Read more from the blog:

The track record suggests that the current NCUA board has a long way to go to overcome a growing list leadership failures .

Where is the Transparency for NCUA’s Actions at Municipal Credit Union

In May, NCUA became conservator of the $3.0 billion Municipal Credit Union in New York City.

In the June call report, 45 days after the conservator took over, Municipal reported a $123 million YTD loss. This appears to have been caused by the termination of a defined benefit plan triggering a required funding of the shortfall. This loss reduced the credit union’s net worth ratio to 3.41%, or undercapitalized, from over 7% the quarter prior to NCUA’s becoming conservator.

The September 2019 Update

The most recent call report implies that the credit union had net income of $10 million as the YTD loss has been reduced to $113 million. Comparing June and September call reports shows total membership declined by 35,000 and total employment reduced by 104 (to a total of 591) in the three months ending September.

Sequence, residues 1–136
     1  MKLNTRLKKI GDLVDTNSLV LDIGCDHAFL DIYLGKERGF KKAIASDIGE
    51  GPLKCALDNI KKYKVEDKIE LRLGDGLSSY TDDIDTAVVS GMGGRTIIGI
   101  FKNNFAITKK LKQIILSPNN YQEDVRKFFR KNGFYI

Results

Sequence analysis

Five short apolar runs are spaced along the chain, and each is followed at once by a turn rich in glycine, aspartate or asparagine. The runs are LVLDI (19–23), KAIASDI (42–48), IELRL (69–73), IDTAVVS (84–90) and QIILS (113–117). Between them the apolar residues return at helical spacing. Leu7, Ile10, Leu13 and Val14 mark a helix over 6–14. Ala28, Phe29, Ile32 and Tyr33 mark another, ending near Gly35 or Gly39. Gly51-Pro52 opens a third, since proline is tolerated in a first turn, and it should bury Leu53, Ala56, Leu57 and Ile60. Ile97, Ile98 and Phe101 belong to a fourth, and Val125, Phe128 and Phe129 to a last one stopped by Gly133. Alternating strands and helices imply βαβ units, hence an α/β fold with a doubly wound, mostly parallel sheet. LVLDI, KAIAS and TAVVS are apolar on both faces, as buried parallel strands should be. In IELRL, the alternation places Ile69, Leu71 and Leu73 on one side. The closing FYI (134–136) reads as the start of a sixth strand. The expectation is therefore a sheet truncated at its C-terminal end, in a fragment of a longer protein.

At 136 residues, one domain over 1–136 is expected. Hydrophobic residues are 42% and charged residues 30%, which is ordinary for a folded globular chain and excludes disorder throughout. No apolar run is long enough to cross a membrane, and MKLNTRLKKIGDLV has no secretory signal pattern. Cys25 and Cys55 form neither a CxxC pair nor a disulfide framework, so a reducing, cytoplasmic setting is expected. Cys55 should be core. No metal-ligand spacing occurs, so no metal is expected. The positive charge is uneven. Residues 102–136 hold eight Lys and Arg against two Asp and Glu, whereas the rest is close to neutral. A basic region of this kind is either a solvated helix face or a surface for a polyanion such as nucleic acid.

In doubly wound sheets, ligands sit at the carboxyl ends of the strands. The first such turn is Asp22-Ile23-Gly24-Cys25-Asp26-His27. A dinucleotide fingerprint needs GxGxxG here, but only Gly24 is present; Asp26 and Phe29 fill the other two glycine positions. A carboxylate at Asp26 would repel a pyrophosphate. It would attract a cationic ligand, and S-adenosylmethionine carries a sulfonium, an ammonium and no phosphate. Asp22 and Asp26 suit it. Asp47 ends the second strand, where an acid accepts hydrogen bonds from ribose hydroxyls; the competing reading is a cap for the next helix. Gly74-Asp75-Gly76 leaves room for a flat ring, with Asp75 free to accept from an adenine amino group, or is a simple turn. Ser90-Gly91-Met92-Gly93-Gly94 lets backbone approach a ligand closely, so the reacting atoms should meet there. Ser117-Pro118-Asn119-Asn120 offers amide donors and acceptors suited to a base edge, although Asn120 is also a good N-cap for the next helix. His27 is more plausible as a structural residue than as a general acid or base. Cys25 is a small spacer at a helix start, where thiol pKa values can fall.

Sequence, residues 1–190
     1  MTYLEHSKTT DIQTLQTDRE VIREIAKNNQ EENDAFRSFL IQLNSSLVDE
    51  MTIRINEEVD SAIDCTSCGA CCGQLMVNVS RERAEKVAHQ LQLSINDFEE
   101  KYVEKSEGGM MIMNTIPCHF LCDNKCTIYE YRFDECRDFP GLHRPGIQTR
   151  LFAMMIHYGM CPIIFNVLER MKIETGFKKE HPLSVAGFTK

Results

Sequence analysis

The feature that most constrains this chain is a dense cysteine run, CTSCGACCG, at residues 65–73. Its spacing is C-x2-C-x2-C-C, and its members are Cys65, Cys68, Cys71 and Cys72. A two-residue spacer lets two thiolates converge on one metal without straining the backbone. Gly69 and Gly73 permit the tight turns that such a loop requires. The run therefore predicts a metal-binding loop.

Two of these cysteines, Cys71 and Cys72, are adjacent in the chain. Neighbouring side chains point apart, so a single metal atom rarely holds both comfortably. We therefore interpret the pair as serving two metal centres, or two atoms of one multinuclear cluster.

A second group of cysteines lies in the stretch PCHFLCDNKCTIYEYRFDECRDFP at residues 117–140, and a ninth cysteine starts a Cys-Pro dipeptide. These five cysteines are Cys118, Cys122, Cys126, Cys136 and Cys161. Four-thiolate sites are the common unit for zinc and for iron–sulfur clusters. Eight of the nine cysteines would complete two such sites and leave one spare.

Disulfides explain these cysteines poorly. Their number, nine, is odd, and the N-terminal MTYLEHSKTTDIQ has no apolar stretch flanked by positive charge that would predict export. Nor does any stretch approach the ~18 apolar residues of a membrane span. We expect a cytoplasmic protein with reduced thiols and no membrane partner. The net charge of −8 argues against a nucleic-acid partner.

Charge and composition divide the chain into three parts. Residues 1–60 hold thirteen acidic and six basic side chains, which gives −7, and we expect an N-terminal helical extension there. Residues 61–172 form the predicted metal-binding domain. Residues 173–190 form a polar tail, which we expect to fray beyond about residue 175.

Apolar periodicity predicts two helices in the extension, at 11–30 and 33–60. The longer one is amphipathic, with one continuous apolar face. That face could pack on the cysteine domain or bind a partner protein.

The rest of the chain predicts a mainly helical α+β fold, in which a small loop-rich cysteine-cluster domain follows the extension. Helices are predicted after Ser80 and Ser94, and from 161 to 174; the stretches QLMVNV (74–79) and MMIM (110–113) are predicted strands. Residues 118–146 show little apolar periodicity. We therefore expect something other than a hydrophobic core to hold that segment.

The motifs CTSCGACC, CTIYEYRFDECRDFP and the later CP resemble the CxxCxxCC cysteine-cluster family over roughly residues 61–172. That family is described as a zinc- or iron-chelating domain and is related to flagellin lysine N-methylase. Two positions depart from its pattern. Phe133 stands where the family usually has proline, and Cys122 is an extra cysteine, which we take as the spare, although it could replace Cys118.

The average salary and benefits are $369,000. Total salaries and benefits have increased to $163 million from $62 million for the previous year. This extraordinarily high number suggests the credit union is paying out the terminated defined benefit program.

The professional services expense is running almost three times greater than the prior year: $18 million versus $6.9 suggesting the consultants are well compensated, or is there another explanation?

The credit union’s loan originations are down significantly at $378 million from $615 million in 2018. Shares declined by $76 million in the quarter. Delinquency is .85% and the allowance accounted is funded at 227% of total delinquent loans. Net worth is 3.87%, or still undercapitalized.

What is Going On?